balaraba-ramat-yakubu

Balaraba Ramat Yakubu

The image of the writer hunched over a notebook or scribbling deliriously for long stretches of time at a lamp-lit desk is a fantasy in more ways than one. For many, the act of writing takes place in the most bizarre places, in part, because life is messy and time is scarce.

If you’re an aspiring writer and still dreaming of that perfect place, time, and condition for writing, the chances are that you’ll stay dreaming for a really long time. Let Balaraba Ramat Yakubu inspire you to take a more guerrilla and in-the-moment approach to your writing.

Balaraba Ramat Yakubu is the bestselling Nigerian novelist you’ve probably never heard about. She is popular among readers of Soyyaya novels—romance fiction written in Hausa.

Aljazeera recently profiled her and revealed a lot of fascinating details about her life. Yakubu was pulled out of primary school at 12 and married off to a 40 year old man, who divorced her soon after. An illiterate divorcee at 14 or so, Yakubu went back to school, but in secret. She told her father that she was attending sewing school.

We are talking about a woman who realized early on in life that she had to be improvisational in her approach to life. In spite of a really rough start, she went on to help invent the Soyyaya literary phenomenon. One of her nine novels, Sin Is a Puppy That Follows You Home, would become the first Soyayya novels to be translated in English and to gain global recognition.

balaraba-ramat-yakubu2

Just as Yakubu fought her way to getting an education and becoming a successful writer, she isn’t one to wait for ideal writing conditions.

As the Aljazeera article reveals:

When Yakubu starts writing, she writes everywhere: in the kitchen, in the car, and even on her phone when there is no pen nearby. Her grown-up son Muhammed remembers how he and his siblings would know their mother was in her writing mode. They would find her on a mat in the living room, resting on a pillow: a pen in her hand, lost in her story. [read full article here]

That right there is the adaptive spirit essential to becoming a successful writer. Writing is a very soldierly activity. It takes being ready to work anytime, everywhere, and in whatever condition. Your writing process should adapt to the irregularities that life throws at you.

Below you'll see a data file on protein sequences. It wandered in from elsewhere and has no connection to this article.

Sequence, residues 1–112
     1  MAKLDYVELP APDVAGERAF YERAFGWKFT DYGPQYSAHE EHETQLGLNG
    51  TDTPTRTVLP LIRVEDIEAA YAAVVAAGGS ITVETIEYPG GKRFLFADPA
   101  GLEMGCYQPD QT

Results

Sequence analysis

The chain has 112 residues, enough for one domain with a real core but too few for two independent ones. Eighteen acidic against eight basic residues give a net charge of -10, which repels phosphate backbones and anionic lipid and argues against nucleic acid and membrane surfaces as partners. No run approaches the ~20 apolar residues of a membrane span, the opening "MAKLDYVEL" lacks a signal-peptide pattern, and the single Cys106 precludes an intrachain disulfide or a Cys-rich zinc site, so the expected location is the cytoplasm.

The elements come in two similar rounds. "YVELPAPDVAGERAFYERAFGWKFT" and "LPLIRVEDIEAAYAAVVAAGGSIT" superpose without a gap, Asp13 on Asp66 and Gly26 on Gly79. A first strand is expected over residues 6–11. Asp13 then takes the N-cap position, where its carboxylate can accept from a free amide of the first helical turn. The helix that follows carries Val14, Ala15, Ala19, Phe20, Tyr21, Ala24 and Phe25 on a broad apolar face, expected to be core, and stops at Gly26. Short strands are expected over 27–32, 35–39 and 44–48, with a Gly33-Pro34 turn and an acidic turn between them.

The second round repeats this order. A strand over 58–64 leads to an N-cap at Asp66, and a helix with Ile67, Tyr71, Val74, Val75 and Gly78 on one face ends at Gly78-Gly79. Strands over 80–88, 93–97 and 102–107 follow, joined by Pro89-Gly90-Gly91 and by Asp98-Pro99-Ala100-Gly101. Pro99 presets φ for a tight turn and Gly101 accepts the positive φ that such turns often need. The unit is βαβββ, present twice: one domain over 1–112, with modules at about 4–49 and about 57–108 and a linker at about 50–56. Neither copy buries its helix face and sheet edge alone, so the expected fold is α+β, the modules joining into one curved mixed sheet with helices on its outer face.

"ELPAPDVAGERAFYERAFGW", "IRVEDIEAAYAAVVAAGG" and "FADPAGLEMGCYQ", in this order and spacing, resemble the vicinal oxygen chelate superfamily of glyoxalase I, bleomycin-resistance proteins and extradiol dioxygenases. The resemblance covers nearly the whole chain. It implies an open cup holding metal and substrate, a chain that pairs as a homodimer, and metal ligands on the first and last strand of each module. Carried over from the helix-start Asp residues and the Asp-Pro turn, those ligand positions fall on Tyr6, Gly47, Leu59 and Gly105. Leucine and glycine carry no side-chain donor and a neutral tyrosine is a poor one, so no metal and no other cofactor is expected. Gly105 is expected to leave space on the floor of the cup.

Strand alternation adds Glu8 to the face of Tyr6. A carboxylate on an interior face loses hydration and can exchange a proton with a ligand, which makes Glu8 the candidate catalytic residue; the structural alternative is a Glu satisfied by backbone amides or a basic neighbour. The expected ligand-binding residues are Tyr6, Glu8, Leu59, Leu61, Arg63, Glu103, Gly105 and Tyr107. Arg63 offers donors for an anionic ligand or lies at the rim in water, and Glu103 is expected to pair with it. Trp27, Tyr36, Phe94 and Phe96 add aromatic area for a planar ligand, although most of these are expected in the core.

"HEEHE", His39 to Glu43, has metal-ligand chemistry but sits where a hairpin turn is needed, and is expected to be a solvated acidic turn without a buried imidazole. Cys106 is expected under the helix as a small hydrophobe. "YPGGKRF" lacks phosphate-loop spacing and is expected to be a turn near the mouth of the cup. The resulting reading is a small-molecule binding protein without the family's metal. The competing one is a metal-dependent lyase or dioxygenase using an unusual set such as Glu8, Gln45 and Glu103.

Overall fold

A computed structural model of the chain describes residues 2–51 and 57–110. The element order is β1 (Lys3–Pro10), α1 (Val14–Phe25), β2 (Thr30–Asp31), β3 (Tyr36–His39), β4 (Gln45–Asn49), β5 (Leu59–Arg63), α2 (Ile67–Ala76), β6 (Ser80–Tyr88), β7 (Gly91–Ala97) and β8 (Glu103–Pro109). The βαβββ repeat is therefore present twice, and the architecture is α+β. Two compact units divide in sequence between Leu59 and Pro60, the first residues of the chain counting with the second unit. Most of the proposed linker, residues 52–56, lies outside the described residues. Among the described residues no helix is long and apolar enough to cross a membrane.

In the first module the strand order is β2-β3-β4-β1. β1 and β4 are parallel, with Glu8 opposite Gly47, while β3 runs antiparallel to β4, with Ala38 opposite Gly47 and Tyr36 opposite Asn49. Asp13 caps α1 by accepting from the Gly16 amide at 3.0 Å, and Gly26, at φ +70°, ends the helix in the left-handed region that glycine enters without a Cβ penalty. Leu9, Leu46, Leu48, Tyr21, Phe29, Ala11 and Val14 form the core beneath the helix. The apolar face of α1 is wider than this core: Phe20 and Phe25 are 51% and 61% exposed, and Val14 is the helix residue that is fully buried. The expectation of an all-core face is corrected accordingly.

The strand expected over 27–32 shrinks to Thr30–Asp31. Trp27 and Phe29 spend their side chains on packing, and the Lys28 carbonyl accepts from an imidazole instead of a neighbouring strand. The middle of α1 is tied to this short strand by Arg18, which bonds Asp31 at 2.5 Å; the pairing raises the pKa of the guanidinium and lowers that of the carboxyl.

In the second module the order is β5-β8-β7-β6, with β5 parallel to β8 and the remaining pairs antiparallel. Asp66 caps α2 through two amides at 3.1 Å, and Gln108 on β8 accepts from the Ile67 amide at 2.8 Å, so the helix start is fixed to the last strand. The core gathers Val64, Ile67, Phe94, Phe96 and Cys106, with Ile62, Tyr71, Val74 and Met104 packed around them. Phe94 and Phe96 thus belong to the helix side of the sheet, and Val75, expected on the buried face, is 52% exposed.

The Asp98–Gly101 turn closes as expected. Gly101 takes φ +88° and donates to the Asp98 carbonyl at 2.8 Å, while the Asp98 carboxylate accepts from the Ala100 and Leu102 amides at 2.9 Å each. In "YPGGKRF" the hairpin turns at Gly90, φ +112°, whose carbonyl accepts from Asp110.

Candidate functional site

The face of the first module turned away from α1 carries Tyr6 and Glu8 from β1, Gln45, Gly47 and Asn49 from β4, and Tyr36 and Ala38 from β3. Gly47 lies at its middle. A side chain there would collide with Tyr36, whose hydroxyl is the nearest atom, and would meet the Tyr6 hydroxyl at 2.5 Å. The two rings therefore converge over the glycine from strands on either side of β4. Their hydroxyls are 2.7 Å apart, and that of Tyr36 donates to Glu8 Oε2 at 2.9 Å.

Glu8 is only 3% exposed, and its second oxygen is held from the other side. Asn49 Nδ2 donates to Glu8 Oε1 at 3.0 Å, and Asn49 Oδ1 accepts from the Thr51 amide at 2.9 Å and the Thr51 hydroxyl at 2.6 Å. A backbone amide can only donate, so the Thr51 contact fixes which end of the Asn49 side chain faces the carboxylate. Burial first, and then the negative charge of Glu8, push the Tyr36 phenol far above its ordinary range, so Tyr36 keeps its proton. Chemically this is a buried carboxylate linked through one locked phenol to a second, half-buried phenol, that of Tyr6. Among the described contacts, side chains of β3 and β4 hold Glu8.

Seek out ways to write on the go. Be creative about making time for yourself to write.

 

*********

Post image by Femke van Zeijl/Al Jazeera via aljazeera.com

Tags: ,

I hold a doctorate in English from Duke University and recently joined the Marquette University English faculty as an Assistant Professor. I love teaching African fiction and contemporary British novels. Brittle Paper is the virtual space/station where I play and experiment with ideas on how to reinvent African fiction and literary culture.

4 Responses to “Balaraba R. Yakubu Writes in the Kitchen, in the Car, on Her Phone | A Lesson for Aspiring Writers” Subscribe

  1. Chestlyn Draghoender 2016/03/11 at 14:28 #

    Truely an inspiring story for me. I’m humbled by this women’s determination and willingness to work hard and chase after her dream of becoming the writer that she is today.

    Great article!

  2. Kay 2016/03/12 at 12:30 #

    If you’re an aspiring writer and still dreaming of that perfect place, time, and condition for writing, the chances are that you’ll stay dreaming for a really long time.

  3. CluelessWriter 2016/03/12 at 13:07 #

    Wow, when you write till your hand bleeds#writing goals

  4. Rachel 2016/03/17 at 05:59 #

    Now that’s determination!

Leave a Reply

I hold a doctorate in English from Duke University and recently joined the Marquette University English faculty as an Assistant Professor. I love teaching African fiction and contemporary British novels. Brittle Paper is the virtual space/station where I play and experiment with ideas on how to reinvent African fiction and literary culture.

Subscribe to Blog via Email

Enter your email address to subscribe to this blog and receive notifications of new posts by email.

Archives

Sarah Waiswa and Farah Ahamed Named Co-winners of the 2017 Gerald Kraak Award

sarah waiswa

The Ugandan-born Kenya-based photographer Sarah Waiswa and the Kenyan writer Farah Ahamed have been named co-winners of the inaugural Gerald […]

When We Talk about Kintu | By Ellah Wakatama Allfrey

image1

When Kwani? launched its Manuscript Project competition in 2012 the stated aim was to find the best unpublished novels by […]

“The Great Ugandan Novel” | Aaron Bady Hails Jennifer Makumbi’s Kintu

Kintu-event-image

Since its 2014 publication, Jennifer Makumbi’s Kintu has raced its way to hit status. Divided into six parts, the novel “reimagines […]

Judges Unveiled for the Black Letter Media Short Story Competition

black letter media

Black Letter Media has released the three-person list of judges for the 2017 edition of its short story competition. The judges […]

A Mosaic of Torn Places | Read the New Diverse Anthology of Young Nigerian Writers

FB_IMG_1495627371547

A Mosaic of Torn Places, the latest anthology of young writers out of Nigeria, collects ten stories of poignant diversity. […]

A Narrative of Home and Longing | Review of Inua Ellams’ #Afterhours | By Billie McTernan

ellams

In his new anthology-cum-diary-cum-memoir, #Afterhours, Nigerian poet Inua Ellams features a collection of poems written in-response to a well-considered selection […]